Christopher Famous

­A time for Caribbean unity

  • Leading the way: Walter Roban, the Deputy Premier, held his own among Caribbean heads of state (Photograph by Blaire Simmons)

Walter Roban, the Deputy Premier and Minister of Home Affairs, and I travelled to Bridgetown, Barbados to attend the 31st Inter-Sessional Meeting of Heads of Government of Caricom between February 17 and 19.

The significant items of discussion were as follows:

• Regional plans for prevention of spreading of Covid-19

• Fighting blacklisting

• Fighting bank derisking

• Fintech solutions

• Private-sector growth

• Climate resilience

• Caribbean African Union Summit

• Eradication of colonialism

• Development of youth

• Protection of workers

• Inter-regional transportation

Of particular importance to Bermuda and other Overseas Territories, were the following items:

Protocols for handling Covid-19

With most if not all Caribbean Islands dependent on tourism, the regional health organisation Caribbean Public Health Agency gave a presentation on protocols that would be activated and followed throughout the region to ensure uniformity.

Carpha also spoke of the increased threat as cruise ships moved from one island to the next — Bermuda, owing to geographical location, being the exception to that norm.

Subsequent to this meeting, there have been about one hundred Covid-19 cases in the Caribbean, with four deaths. Of important note, the majority of these cases have been found in persons travelling into the Caribbean via airlines or cruise ships.

The cruise ship industry has effectively cancelled cruises to the Caribbean for the next two months.

As of Wednesday, a number of islands suspended international flights. These countries include: Aruba,

Bonaire, Sint Maarten, Cayman Islands, Trinidad & Tobago, Surinam and Guyana.

With no cruise or international air visitors, there has been a knock-on effect in the hospitality industries around the Caribbean, including Bermuda. Regional governments have had to now implement contingency plans to ensure their people do not face increased hardships.

Other key issues

Meetings were also held with François-Phillipe Champagne, Canada’s foreign affairs minister. Discussions centred on strengthening business ties and tourism development between Canada and all Overseas Territories.

Other key set of issues discussed were the following:

• Regional healthcare costs and reform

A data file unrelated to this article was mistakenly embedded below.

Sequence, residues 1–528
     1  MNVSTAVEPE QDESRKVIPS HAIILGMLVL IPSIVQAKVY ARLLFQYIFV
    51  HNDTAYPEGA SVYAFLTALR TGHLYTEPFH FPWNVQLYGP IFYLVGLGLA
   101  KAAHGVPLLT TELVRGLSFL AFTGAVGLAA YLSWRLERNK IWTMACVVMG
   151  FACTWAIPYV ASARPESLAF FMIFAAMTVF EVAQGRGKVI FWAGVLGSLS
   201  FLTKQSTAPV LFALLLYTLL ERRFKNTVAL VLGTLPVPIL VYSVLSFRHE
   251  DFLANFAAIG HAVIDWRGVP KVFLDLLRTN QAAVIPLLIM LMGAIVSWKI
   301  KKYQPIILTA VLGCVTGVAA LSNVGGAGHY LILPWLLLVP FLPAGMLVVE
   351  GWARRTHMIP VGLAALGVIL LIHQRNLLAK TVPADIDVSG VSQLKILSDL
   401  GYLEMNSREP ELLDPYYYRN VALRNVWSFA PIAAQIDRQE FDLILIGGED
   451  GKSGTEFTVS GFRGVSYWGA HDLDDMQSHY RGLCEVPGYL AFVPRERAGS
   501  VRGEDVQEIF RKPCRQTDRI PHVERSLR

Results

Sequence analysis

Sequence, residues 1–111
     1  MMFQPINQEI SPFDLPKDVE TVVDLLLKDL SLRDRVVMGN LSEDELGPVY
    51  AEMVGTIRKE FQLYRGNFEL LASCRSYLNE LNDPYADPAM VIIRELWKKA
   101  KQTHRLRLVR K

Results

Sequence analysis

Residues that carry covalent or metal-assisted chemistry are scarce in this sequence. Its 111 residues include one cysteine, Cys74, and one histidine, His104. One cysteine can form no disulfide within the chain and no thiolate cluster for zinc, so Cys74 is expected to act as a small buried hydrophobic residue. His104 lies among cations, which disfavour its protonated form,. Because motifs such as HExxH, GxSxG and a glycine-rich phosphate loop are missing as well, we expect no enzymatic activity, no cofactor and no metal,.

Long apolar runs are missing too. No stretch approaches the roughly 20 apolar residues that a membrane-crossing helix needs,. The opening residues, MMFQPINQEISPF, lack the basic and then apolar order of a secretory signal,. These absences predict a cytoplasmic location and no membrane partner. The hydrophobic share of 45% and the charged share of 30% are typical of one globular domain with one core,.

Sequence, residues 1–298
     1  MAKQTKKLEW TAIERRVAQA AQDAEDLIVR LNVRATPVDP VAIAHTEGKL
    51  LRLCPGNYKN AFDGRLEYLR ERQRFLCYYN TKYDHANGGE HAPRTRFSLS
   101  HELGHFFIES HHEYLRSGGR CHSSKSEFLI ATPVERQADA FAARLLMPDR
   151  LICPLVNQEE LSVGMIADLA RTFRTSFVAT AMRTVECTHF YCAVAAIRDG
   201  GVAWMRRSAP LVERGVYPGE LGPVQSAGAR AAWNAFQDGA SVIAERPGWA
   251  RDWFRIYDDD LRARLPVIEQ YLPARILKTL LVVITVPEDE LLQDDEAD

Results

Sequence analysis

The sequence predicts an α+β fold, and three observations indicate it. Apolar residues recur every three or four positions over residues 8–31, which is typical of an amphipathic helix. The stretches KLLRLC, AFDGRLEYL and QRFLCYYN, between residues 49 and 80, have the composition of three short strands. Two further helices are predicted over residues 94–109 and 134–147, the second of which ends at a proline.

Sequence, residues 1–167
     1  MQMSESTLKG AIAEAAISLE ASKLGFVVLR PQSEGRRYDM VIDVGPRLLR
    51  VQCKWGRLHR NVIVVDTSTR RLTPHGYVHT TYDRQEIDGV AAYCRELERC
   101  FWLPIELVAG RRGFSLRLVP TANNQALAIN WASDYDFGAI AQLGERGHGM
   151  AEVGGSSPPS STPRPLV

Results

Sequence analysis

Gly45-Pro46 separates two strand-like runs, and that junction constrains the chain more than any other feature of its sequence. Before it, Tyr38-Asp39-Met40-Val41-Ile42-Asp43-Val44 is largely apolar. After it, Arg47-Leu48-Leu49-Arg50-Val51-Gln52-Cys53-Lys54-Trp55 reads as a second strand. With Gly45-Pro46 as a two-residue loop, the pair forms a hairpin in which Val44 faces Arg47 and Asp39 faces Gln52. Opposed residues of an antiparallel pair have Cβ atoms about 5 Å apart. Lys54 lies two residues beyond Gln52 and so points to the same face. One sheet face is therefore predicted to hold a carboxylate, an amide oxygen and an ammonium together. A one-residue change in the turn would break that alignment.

• Increased agricultural development/food security and subsequent lowering of grocery costs, within the Caribbean region

• Regional rethink on the approach to gangs and gun violence.

The Deputy Premier was able to relay to regional leaders that Bermuda has taken a multiprong, front-end approach to reducing violent crime; in particular, the work of Minister of National Security Wayne Caines and pastor Leroy Bean, the gang violence reduction co-ordinator.

The caucus took great note in this and subsequently invited Mr Caines to attend a regional summit in Trinidad

• On the final day of the meeting, the British Virgin Islands presented a motion to extend the United Nations mandate for decolonisation for another ten years.

Mr Roban voiced Bermuda’s support of this motion. Subsequently, Roosevelt Skerritt, the Prime Minister of Dominica, approached the OTs to voice his support of the motion

• The Deputy Premier extended an invitation to all Caricom members to attend the upcoming Carifta Games and Bermuda Day activities.

The invite was accepted by chairwoman Mia Mottley, Prime Minister of Barbados, and Erwin Larouque, the Secretary-General. Carifta was subsequently postponed because of the Covid-19 outbreak

• Discussions were also held to have OTs participate as election observers in upcoming regional general elections

• The Deputy Premier spoke of the commitment of Bermuda to foster and grow closer ties to Caricom and all regional members

• Courtesy calls were made to the House of Parliament in Barbados, and contact was made with several Bermudians residing on the island

Time for unity

Without a doubt, our tourism industries will suffer as never before seen. Hotels will lay off staff, taxi drivers will go without the usual volume of work, and restaurants will have fewer and fewer customers.

For those islands such as Bermuda, the Cayman Islands and the Virgin Islands, which have financial services as a core part of their economies, the lack of business visitors will be an additional hard blow.

Yet, through it all, our respective governments and the collective regional body of Caricom have made these hard decisions with one singular end: the preservation of life.

Now, more than ever, we must look out for our elderly, who need a call and/or assistance. It is they who, through hard work and sacrifice, have provided us with the lifestyles that we enjoy today.

Take this time to reinforce the timeless values of love, community unity, island heritage and regional pride in our young people who are home from school

Landlords, who can afford to do so, please be understanding of the plight of those who work in the hospitality industries.

Where and whenever possible, please support the small retail stores and service providers, as they are an integral part of our economies.

We will survive Covid-19 together, as families, as communities, as islands and as a region.

Christopher Famous is the government MP for Devonshire East (Constituency 11). You can reach him at WhatsApp on 599-0901 or e-mail at cfamous@plp.bm